In an adaptive trial, study participants are randomly and blindly assigned to either a control arm or an experimental treatment arm; more than one experimental treatment may be included at the outset of the trial. Additional arms and protocols may then be added or removed from a trial depending on early evaluation of the drugs’ effects. For example, if one treatment regimen seems to be more successful, researchers can increase the number of participants receiving that treatment. Similarly, ineffective treatments can be removed early, and new treatments can be initiated quickly, enabling patients to receive the most promising treatments faster.2 This may be especially important in the context of an infectious pandemic, where symptoms and disease progression are not well understood. With over two million reported COVID-19 cases in the U.S. and growing, time is of the essence.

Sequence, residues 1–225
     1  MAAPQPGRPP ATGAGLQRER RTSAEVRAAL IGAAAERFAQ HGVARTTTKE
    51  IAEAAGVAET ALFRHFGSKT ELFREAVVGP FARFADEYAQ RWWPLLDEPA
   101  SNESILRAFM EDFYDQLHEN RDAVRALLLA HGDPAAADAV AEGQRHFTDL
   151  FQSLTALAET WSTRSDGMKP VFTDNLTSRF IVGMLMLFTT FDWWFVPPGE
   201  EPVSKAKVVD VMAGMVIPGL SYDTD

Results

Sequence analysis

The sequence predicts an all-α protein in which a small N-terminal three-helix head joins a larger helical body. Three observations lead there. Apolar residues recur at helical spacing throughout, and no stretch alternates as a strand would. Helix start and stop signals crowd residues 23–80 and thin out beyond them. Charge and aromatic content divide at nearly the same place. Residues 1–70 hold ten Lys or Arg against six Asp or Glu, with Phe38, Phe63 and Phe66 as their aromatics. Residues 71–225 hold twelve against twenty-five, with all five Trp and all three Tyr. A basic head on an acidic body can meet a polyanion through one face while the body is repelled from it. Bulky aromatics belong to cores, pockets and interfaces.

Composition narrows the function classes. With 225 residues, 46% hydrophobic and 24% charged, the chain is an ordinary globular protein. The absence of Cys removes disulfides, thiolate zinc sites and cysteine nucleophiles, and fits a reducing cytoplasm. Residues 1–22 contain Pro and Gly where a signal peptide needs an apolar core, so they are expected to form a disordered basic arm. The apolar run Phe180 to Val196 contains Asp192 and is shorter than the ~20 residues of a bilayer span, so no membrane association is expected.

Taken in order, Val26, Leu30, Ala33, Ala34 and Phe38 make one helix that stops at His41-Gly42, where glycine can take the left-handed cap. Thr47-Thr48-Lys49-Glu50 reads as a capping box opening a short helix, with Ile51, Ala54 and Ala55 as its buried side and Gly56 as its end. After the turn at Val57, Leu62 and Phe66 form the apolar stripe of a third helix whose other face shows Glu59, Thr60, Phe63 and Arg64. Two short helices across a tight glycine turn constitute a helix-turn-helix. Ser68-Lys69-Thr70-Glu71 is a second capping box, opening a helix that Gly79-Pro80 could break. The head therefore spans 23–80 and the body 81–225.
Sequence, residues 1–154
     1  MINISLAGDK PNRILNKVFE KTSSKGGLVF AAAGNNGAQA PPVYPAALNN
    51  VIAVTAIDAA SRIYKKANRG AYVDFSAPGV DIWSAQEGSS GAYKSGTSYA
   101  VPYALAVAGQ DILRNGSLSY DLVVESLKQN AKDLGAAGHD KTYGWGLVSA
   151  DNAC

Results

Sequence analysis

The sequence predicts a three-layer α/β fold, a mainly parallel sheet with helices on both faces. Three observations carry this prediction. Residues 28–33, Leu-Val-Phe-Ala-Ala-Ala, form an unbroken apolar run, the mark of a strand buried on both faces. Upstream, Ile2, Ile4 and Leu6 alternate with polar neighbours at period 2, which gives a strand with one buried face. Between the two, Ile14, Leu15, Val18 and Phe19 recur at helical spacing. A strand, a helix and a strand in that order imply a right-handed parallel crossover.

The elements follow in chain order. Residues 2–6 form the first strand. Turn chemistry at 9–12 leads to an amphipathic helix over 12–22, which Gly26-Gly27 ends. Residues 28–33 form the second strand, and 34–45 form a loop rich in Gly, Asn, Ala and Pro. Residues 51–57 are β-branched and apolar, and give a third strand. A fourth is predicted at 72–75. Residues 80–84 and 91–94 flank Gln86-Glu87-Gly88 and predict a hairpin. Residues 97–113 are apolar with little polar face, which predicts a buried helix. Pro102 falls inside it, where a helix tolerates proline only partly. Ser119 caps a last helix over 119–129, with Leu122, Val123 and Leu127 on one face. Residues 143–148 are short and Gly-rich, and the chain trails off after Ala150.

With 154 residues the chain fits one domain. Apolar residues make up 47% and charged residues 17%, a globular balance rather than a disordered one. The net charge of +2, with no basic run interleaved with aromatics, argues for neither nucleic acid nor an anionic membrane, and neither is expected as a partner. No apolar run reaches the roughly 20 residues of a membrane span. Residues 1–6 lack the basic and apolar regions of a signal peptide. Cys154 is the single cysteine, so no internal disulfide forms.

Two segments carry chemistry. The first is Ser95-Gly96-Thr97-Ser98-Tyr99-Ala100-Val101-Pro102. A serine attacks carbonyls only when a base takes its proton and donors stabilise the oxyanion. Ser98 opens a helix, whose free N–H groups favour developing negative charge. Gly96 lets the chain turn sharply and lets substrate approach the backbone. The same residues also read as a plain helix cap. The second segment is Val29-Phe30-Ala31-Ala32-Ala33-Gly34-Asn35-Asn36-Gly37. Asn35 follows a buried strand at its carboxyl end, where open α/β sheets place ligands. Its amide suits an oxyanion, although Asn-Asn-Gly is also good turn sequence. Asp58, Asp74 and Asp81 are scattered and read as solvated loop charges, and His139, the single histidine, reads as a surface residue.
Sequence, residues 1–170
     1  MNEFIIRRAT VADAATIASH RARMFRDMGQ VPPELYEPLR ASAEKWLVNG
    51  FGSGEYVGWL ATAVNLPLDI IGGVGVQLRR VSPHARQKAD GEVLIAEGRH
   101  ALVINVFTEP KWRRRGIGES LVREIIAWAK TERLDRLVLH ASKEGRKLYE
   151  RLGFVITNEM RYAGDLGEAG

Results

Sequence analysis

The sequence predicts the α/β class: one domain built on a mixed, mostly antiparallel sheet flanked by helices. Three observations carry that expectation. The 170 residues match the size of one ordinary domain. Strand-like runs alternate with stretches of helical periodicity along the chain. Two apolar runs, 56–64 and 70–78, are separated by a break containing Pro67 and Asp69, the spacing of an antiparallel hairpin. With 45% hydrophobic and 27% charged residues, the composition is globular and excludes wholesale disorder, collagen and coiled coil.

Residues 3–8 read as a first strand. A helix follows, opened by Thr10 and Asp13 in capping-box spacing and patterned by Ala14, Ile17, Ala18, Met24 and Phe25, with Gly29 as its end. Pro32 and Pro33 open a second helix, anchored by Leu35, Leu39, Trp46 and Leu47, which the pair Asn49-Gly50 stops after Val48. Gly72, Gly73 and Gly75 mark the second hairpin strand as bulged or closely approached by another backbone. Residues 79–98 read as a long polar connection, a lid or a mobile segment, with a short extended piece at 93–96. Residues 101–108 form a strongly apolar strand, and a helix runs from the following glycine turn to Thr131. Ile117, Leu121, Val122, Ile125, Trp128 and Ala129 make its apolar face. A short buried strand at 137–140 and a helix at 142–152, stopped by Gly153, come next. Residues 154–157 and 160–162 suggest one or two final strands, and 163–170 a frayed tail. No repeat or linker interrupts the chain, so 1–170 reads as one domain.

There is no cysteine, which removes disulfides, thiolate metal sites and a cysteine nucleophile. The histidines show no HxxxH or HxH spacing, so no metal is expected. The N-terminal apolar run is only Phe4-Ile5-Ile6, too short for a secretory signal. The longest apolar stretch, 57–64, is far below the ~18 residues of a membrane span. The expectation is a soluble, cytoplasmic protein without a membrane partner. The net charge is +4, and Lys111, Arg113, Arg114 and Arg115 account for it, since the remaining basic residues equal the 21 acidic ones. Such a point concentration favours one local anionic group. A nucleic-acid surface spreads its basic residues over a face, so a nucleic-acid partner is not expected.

Possible Benefits of Adaptive Clinical Trial Model for COVID-19
The design of an adaptive clinical trial offers faster detection of benefits or harms associated with experimental therapies, drugs that are showing benefits can be moved to the study’s control arm and drugs that aren’t helping patients can be removed from the trial. Additionally, as researchers are able to use the same control group to measure the effectiveness of experimental treatments, fewer trial participants need to be enrolled. The adaptive design means promising therapies which demonstrate efficacy early on could become the standard of care for patients later in the trial. 

The Adaptive COVID-19 Treatment Trial will initially study the drug Remdesivir (experimental) against placebo (control) and will look to introduce new therapeutic treatments over time. The study design ensures interim monitoring to introduce new arms and allow early stopping for futility, efficacy, or safety. To control for background standards of supportive care, which may evolve or improve over time as more is learned about successful management of COVID-19, comparisons of safety and efficacy will be based on data from concurrently randomized subjects.